With about only half of private-sector employees participating in employer-sponsored retirement plans, many states around the country have launched programs that get unprotected employees to invest in auto-IRAs. The first of these auto-IRA plans, OregonSaves, which launched in July 2017, has some impressive as well as inconclusive results to date, according to the latest study from the Center for Retirement Research at Boston College.
Researchers found three key policy implications in its latest paper, Participation and Leakages in Oregon’s Auto-IRA, by Laura D. Quinby, Wenliang Hou, Anek Belbase and Geoffrey T. Sanzenbacher. These include that a) a majority of eligible employees participate in Oregon’s auto-IRA, b) it’s still unclear if these accounts are being used for retirement or savings, and c) it’s too early to tell the effect the program is having on household finances.
This particular paper first formed a framework by measuring participation from previous analyses, then to “advance the conversation” beyond participation and opt-out rates, it reviewed “leakages [or withdraws before retirement], tracking a cohort of employees, who had funded accounts in September 2018, over a 12-month period,” the study stated.
Key results showed that:
- Participation in the program ranged between, 48% to 67% (the exact rate is uncertain due to data limitations, according to the researchers).
- That 20% of employees with balances in September 2018 made at least one withdrawal during the subsequent year, removing $1,000 on average.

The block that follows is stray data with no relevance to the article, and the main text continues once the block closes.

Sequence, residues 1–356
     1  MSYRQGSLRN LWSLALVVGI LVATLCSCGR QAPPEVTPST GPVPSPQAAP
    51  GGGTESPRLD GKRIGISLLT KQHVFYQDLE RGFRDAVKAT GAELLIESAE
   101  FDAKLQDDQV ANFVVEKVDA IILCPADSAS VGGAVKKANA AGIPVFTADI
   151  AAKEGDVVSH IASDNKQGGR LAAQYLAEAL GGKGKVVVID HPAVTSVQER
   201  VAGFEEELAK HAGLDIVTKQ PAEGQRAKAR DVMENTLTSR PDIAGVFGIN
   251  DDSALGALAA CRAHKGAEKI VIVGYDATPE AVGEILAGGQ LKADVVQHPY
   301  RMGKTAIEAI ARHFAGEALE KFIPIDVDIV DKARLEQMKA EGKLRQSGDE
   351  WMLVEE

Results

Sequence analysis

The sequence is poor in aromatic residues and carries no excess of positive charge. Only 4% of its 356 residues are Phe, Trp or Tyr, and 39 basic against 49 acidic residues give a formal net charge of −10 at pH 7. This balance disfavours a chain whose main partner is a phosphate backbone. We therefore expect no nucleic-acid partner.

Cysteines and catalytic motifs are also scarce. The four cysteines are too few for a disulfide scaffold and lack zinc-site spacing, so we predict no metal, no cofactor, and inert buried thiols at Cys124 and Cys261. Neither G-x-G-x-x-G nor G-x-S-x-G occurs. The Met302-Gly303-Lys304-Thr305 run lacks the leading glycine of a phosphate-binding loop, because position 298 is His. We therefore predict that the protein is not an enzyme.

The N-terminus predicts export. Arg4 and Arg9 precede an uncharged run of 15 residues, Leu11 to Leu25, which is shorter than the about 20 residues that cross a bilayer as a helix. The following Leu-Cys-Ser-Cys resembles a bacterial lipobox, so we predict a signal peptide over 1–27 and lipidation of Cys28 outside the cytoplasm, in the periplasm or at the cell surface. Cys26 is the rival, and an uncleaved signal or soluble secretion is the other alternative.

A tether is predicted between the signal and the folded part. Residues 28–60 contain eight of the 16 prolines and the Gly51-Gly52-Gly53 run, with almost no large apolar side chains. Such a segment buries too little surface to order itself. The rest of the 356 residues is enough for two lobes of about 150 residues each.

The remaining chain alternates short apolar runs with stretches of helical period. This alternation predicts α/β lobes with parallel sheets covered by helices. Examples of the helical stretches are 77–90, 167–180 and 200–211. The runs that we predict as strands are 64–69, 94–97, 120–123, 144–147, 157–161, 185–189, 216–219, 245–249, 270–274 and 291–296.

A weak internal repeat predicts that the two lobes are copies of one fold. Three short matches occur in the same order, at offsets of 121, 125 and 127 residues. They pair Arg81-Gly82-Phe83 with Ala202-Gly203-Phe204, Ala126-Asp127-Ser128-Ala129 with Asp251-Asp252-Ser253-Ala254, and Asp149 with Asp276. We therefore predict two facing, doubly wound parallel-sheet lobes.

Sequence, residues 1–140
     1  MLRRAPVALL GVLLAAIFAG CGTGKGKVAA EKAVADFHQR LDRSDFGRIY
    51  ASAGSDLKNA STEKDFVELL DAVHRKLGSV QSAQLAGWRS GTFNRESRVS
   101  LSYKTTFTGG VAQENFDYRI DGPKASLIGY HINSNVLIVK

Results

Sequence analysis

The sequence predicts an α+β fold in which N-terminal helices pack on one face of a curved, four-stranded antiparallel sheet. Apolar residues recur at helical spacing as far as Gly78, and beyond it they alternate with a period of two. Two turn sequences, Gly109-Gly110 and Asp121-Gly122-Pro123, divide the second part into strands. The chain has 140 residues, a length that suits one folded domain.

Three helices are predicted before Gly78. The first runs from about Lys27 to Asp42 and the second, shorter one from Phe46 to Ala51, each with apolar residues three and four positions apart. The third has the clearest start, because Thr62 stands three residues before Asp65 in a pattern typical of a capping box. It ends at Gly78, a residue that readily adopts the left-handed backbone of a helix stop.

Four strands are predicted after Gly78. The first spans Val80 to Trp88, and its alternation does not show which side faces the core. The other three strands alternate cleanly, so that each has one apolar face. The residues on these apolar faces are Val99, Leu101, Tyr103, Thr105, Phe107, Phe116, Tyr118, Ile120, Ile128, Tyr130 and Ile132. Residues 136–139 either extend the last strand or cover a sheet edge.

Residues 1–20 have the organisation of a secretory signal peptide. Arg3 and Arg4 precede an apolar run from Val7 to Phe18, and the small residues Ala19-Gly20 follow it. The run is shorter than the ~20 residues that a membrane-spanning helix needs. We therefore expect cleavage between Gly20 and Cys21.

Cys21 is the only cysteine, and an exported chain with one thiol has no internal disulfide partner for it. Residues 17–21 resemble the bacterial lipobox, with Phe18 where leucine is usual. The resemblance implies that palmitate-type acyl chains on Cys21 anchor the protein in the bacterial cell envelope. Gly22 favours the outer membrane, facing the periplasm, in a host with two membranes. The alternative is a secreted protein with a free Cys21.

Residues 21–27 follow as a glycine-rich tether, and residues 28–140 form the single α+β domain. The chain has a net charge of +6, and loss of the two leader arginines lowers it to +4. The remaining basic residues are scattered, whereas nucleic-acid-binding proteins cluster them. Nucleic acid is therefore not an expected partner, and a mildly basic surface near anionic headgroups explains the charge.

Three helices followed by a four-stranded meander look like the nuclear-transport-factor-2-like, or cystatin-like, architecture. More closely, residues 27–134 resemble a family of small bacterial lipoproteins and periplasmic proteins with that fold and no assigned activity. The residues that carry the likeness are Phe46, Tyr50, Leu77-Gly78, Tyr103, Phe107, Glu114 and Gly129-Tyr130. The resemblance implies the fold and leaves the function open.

- Withdrawals were more likely when employees left their OregonSaves employer (32%), although many full-year contributors (17%) also made withdrawals.
OregonSaves is voluntary for participants, who can stop contributing at any time. The program has been rolled out in waves, with larger firms (those with over 100 employees) in the first wave, moving down to those with five to nine employees.
As of September 2019, 8,000 employers had registered for the program, but only just over 3,000 were processing employee payroll deductions. For employees, as of September 2019, OregonSaves had set up accounts for 190,220 workers representing just over 200,000 distinct employment relationships. Employees cannot participate in the program unless their employer makes payroll deductions on their behalf.
The study noted that in typical retirement funds, only 4%-8% of participants make early withdrawals each year. In this study, it found 20% of those in the auto-enrolled program took withdrawals.
“However, employees may be more likely to make early withdrawals from state auto-IRAs because the programs have been set up as Roth accounts with post-tax contributions, and because participants are likely to have lower incomes and less-stable employment than their counterparts in traditional plans, characteristics that have been shown to increase leakages,” the researchers state. Also, it found, job-changers and lower earners were more likely to withdraw money than others.
In conclusion, the researchers state, “although straightforward conceptually, measuring participation in OregonSaves is difficult in practice because the program is still rolling out to employers, employee mobility is high, and administrative data are missing key information for some potential participants.” Further, it may be too early to tell why leakages are happening, and perhaps the next study should determine the reasons for these withdrawals, they stated.
California, Illinois, Connecticut, Maryland and Massachusetts offer similar retirement programs. Several other states are considering these plans.
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